Everyone must call out earnestly to God. Each must turn from his evil ways and from the violence he is doing. Who knows? God may turn and relent; He may turn from His burning anger so that we will not perish.Jonah 3:8b-9 (HCSB)
Repentance literally means ‘to turn again’. Repentance is to purposefully change direction, to look away from what you were doing and look to Jesus. It is to turn around and walk in the opposite direction from Satan; it is to walk back into the loving arms of Jesus. There is a world of difference between remorse and repentance, between ‘feeling sorry’ and ‘turning again’.
Repentance is not just misery over what has happened but a complete change of heart, a setting of the mind and your whole being against what has happened and a determination to make sure it never, ever, happens again. It is to utterly reject what you have done so much so that, in the words of the Book of Common Prayer‘s confession from the Lord’s Supper, “the remembrance of [our sins] is grievous unto us; The burden of them is intolerable.” Likewise, in the confession for Morning or Evening Prayer, repentance is to recognise that “there is no health in us.” In the words of the Jonah passage, you could say that true repentance is to ‘earnestly call our to God for forgiveness whilst purposefully turning away from all our evil ways and the violence we have done against God’s Holy Laws.’ That is a good summary of repentance.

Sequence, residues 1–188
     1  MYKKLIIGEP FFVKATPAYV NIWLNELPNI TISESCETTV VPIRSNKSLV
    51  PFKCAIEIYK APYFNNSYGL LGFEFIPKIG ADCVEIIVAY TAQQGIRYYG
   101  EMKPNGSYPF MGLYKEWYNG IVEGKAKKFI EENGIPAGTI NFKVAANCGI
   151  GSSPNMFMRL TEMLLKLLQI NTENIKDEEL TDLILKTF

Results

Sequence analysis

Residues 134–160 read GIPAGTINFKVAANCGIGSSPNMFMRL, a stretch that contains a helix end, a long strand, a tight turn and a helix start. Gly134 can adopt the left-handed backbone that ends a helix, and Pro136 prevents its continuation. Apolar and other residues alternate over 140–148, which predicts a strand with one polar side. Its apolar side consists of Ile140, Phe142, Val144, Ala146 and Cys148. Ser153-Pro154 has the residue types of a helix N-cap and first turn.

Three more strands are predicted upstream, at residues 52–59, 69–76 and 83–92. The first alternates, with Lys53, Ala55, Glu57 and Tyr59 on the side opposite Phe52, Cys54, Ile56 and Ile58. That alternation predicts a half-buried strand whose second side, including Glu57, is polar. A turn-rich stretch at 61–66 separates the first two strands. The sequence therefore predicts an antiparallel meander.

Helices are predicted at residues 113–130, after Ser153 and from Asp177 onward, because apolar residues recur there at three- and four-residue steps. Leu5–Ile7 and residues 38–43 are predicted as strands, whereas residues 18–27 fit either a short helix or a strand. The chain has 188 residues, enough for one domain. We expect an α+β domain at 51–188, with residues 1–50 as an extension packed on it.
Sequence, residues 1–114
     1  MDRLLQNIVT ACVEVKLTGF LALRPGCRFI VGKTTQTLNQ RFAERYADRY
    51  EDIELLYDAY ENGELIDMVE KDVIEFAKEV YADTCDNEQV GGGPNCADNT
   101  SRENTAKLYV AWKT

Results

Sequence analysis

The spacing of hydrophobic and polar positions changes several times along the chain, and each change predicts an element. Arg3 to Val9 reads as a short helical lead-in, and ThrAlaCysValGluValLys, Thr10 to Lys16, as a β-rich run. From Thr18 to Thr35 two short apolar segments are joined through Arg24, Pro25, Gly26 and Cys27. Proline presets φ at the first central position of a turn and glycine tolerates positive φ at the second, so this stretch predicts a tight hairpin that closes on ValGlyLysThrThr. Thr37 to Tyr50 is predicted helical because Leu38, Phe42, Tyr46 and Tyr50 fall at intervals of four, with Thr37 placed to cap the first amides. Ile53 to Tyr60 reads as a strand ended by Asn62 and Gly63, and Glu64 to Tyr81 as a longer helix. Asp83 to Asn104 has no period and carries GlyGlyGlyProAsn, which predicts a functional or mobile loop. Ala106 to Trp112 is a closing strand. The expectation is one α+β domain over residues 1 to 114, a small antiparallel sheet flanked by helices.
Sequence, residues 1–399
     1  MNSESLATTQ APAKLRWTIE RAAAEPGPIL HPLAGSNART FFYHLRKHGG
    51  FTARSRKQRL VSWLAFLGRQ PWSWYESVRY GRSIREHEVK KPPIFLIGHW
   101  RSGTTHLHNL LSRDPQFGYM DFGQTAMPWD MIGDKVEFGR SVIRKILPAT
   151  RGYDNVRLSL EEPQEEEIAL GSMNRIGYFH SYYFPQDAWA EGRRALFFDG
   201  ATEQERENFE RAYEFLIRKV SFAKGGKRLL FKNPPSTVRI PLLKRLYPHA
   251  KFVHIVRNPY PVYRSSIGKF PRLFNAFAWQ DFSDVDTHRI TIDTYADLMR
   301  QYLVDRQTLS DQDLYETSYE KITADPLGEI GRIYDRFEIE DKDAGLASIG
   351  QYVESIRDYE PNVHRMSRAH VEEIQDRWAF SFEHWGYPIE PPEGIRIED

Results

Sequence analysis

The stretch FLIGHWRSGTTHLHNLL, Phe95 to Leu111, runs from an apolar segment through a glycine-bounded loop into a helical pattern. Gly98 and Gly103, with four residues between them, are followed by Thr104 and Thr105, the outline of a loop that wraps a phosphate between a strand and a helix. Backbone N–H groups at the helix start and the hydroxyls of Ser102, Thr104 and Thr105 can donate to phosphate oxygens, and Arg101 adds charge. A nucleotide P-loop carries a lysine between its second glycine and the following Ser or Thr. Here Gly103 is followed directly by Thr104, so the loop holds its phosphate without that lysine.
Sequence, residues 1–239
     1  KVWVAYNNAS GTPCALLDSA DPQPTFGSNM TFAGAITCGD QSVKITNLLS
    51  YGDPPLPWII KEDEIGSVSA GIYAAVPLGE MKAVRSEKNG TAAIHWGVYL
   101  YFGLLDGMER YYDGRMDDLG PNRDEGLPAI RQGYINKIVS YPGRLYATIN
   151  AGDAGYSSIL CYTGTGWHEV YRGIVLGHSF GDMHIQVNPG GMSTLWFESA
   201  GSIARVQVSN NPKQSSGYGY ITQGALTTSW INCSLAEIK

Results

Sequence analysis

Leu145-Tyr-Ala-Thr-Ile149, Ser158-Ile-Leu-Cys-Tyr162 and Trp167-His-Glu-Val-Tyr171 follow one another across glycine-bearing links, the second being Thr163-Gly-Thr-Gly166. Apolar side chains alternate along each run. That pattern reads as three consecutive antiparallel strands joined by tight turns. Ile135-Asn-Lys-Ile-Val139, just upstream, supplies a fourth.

What is sad, however, is the second part of today’s passage—the people of Nineveh have no assurance that God will forgive them if they repent. I love the words of the Book of Common Prayer‘s absolution during Morning and Evening prayer “[God] pardoneth and absolveth all them that truly repent, and unfeignedly [sincerely] believe his holy Gospel.” We know this to be true because we know that Jesus died for our sins, died in our place, two thousand years ago. When we repent, we have complete assurance that we are completely, totally, 100%, forgiven. Praise the Lord!